Sunday, July 29, 2012

Quality's Role in Social Responsibility

ASQ’s 2011 Future of Quality Study identifies global responsibility as the most significant force in shaping the future of quality.  A total of 1,105 respondents participated in a research study conducted by ASQ in partnership with IBM, which details distinguishing characteristics and metrics that organizations use to lead to successful Social Responsibility programs. ISO 26000 (Social Responsibility) was released in November 2010 but was available in various draft forms for at least two years before the release.

Many people confuse, or at least seem to equate, Social Responsibility (SR) with environmentalism and Sustainability (Green movement, LEEDS certification, etc.).  However, Corporate Social Responsibility has generally focused on governance, responsibility, accountability and transparency; whereas, Sustainability focuses on multiple bottom lines and on the need for systemic changes to protect natural resources. Social Responsibility (SR), then, is ultimately about respect for people and respect for mother Earth.

ISO-26000 emphasizes seven core SR areas: the environment, community involvement & development, organizational governance, fair operating practices, labor practices, human rights and consumer issues. Per the above-mentioned survey, respect for the environment and community involvement tend to be the top two areas of organizational strategic focus.

Paul Borawski, in his latest blog post asks, "How has the standard shaped our dialogue? ... is the world growing more responsive to the needs of being socially responsible?  Is SR mainstream thought, or still in the fringe?" I offer two examples of SR today, one from my employer, 3M Company; the other from the Minnesota Section of ASQ.

3M' s internet website has 1-click links from its homepage directly to its Business Conduct policies and Sustainability efforts. These business conduct policies detail 3M's commitment to integrity and ethics, legal compliance, organizational governance, and respect for dignity and worth of every individual, and the communities in which it operates. 3M's corporate values are stated in a letter from the CEO. These corporate values are consistently and regularly communicated by senior leadership and management:
  • Act with uncompromising honesty and integrity in everything we do
  • Satisfy our customers with innovative technology and superior quality, value and service
  • Provide our investors an attractive return through sustainable, global growth
  • Respect our social and physical environment around the world
  • Value and develop our employees' diverse talents, initiative and leadership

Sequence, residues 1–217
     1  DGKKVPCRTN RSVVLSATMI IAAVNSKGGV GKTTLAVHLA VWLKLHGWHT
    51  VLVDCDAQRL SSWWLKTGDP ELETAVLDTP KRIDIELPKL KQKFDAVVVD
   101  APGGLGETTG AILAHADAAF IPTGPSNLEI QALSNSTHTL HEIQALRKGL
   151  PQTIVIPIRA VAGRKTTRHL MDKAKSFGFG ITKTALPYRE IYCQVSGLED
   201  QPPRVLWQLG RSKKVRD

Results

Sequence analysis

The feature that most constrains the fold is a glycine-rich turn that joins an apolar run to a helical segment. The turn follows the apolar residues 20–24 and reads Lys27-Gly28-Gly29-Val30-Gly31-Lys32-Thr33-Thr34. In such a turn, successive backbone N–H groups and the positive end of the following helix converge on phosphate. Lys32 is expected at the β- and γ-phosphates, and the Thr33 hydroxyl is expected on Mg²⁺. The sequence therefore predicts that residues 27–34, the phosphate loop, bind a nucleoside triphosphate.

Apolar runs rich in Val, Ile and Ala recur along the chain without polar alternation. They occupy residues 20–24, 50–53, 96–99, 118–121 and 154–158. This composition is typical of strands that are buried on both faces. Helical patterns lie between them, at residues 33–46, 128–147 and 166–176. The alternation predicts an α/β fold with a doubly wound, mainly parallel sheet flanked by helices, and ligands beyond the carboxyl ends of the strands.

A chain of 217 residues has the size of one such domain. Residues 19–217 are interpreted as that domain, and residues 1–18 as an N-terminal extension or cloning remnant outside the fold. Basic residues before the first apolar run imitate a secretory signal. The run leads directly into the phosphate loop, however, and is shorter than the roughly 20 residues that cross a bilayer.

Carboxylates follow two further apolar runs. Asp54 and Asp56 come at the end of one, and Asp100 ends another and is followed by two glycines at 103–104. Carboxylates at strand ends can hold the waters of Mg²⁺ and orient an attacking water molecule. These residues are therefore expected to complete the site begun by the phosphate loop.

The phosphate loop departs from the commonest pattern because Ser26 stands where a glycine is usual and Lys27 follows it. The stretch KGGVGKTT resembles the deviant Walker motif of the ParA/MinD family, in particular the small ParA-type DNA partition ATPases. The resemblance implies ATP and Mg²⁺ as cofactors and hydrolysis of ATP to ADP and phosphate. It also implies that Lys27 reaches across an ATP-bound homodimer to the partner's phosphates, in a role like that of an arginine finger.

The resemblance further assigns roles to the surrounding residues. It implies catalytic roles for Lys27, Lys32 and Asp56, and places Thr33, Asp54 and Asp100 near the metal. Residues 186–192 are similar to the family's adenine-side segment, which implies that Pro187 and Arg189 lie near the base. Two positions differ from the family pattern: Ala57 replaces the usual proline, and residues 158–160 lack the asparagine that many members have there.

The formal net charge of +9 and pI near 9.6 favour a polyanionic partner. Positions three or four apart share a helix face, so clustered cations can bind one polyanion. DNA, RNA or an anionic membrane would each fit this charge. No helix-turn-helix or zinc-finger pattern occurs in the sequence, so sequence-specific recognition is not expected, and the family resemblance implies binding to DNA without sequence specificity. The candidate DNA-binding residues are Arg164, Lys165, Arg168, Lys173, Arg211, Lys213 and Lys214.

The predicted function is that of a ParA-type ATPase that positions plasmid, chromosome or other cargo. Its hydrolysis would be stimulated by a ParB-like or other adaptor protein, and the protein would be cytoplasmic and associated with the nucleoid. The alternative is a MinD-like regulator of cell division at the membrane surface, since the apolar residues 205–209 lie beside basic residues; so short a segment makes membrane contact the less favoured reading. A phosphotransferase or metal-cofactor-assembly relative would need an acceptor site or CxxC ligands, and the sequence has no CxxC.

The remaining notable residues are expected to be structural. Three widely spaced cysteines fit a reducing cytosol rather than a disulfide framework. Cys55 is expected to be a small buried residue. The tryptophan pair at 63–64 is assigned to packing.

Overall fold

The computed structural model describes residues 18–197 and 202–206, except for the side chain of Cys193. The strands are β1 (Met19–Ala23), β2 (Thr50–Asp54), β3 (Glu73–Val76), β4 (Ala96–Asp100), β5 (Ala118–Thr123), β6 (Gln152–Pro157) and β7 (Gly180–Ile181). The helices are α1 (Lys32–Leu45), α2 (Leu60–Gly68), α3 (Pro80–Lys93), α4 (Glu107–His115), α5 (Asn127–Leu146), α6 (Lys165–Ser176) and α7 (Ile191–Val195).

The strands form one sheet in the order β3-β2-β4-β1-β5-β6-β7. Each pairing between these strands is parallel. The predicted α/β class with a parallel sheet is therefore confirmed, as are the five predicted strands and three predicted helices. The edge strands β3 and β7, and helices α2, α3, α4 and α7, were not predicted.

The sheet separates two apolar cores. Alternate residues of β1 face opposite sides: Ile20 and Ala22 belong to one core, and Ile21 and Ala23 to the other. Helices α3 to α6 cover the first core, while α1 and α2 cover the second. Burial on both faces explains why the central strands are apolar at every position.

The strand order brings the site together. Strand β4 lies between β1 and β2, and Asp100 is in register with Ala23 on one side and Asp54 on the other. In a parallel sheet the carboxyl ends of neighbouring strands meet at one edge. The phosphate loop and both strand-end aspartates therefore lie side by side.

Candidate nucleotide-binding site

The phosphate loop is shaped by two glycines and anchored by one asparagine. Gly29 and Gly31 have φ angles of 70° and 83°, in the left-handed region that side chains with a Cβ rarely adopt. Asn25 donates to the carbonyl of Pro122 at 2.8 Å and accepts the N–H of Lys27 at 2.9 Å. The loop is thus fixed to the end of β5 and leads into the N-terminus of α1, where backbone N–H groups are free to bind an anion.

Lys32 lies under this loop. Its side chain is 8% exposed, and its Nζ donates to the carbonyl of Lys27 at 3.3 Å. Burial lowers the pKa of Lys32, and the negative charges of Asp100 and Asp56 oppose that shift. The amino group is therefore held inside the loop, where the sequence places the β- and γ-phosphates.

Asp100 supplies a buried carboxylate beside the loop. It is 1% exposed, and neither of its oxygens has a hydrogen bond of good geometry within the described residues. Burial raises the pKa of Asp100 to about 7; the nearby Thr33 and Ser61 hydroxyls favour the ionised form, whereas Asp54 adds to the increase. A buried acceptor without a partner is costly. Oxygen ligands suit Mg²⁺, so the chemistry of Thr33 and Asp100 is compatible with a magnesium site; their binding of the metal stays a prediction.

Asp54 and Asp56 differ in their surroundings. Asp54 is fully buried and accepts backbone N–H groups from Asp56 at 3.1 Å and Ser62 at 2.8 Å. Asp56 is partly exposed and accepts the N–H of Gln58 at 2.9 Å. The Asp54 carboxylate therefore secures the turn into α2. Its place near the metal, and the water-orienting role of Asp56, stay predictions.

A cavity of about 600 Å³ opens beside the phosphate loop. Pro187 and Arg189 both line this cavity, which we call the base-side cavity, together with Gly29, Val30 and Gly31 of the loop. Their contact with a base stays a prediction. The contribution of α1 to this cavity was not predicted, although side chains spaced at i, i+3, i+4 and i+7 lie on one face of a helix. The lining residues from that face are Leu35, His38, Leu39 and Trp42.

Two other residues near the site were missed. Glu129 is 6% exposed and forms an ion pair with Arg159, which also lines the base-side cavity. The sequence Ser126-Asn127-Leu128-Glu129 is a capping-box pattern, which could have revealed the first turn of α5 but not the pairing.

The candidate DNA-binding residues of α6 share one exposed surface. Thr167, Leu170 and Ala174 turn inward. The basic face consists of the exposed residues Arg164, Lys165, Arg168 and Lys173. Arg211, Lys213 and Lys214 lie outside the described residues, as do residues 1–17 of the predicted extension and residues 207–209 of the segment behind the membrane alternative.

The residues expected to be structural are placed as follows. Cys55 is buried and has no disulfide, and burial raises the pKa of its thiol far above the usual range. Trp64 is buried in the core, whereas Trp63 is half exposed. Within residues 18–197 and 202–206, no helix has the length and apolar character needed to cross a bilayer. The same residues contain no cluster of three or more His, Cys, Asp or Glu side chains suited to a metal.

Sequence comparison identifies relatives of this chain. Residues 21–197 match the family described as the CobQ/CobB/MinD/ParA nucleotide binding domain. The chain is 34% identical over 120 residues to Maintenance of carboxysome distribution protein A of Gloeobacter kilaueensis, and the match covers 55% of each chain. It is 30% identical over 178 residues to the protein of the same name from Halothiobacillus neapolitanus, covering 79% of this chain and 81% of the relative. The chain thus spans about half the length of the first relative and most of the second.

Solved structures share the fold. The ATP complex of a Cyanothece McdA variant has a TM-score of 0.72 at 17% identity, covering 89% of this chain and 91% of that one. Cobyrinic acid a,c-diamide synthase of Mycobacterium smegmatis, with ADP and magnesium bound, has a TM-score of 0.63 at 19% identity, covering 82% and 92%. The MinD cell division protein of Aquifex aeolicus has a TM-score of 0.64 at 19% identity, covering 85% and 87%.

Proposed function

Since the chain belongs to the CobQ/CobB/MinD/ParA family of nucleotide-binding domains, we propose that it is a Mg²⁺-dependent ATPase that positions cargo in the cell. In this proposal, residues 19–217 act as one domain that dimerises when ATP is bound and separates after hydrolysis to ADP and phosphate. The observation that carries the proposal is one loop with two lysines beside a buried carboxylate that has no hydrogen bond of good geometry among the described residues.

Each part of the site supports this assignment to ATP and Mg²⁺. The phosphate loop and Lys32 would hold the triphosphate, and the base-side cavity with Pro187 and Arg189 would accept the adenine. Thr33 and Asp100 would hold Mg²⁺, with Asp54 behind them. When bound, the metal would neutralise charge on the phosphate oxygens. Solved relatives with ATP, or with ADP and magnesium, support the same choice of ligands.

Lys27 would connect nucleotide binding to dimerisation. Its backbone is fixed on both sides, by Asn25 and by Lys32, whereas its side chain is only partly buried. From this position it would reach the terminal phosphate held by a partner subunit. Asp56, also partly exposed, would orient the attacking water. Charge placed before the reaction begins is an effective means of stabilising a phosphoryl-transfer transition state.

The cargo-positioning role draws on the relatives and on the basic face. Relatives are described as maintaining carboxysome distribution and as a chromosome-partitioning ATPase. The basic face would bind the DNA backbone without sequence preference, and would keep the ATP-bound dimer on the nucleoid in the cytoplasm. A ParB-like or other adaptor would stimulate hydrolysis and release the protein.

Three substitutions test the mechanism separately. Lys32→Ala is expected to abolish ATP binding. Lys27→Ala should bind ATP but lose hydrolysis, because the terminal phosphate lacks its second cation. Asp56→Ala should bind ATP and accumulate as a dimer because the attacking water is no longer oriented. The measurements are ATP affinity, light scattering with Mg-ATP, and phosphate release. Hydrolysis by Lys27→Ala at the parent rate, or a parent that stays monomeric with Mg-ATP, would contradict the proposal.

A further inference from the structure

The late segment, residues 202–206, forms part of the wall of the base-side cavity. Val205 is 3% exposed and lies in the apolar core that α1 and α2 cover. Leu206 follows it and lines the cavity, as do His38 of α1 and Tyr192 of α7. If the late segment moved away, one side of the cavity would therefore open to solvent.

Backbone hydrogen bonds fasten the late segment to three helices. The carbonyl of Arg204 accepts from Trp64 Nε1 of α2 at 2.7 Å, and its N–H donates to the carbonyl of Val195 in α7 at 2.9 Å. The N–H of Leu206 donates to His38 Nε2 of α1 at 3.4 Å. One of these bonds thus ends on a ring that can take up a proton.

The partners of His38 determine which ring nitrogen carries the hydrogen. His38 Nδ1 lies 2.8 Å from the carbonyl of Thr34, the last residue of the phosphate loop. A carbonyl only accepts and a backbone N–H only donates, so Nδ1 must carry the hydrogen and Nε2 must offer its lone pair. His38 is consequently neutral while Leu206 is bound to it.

• Earn the admiration of all those associated with 3M worldwide

3M innovation is guided by three strategic principles that make sustainability implicit in everything it does:
  • Economic Success: We build lasting customer relationships by developing differentiated, practical, and ingenious solutions to their sustainability challenges.
  • Environmental Stewardship: We provide practical solutions and products to address our environmental challenges for ourselves and our customers.
  • Social Responsibility: We engage key stakeholders in dialogue and take action to improve our sustainability performance.
3M introduced its Pollution Prevention Pays initiative - better known as 3P - in 1975. 3P prevents pollution at the source, in products and manufacturing. Back in 1975, that was considered innovative thinking. To date, 3P has resulted in the elimination of more than 3.5 billion pounds of pollution and saved 3M nearly $1.5 billion. More recently, 3M Environmental, Health and Safety (EHS), and Lean Six Sigma - Corporate Quality (LSSQ), have teamed up to drive a lean philosophy (elimination of waste), and Cost of Poor Quality (COPQ) reduction, and are developing a "Zero Landfill Plus" recognition program. (Zero Landfill is increasingly promoted today by environmentally-conscious businesses as a measure of Sustainability, but it is deemed an incomplete measure of sustainability because it can lead to unintended consequences such as increased incineration or simply converting waste into fuel.) 3M's goal is to eliminate the use of solvents and reduce the consumption of natural resources in the design and manufacture of products, thereby protecting our natural resources and ensuring a clean, safe environment for future generations.

Turning to the local section of ASQ, the Minnesota Section (#1203) leadership has included SR in its long range and annual strategic planning  process since I first became involved in the Section back in 2007. Long-term strategic objectives are synthesized and prioritized, then fed into the business execution X-matrix where annual objectives and tactics are developed and project plans implemented. An updated Mission and Vision have been communicated, and are used to validate our new products and services. The MNASQ Executive Board reorganized itself in 2010 to improve organizational governance, responsiveness and agility, and increase member satisfaction. A formal succession planning process has been developed to improve the leadership skills of our member leaders for improved engagement. An Executive Roundtable was designed and delivered to capture the voice of our members' bosses to learn where and how the Section can help them - and their organizations - to succeed. This year the Minnesota Section is working with Habitat for Humanity to partner on a project to build a "House of Quality" in November... World Quality Month! What a great opportunity to demonstrate the intersection of Quality and Social Responsibility!!

1 comment:

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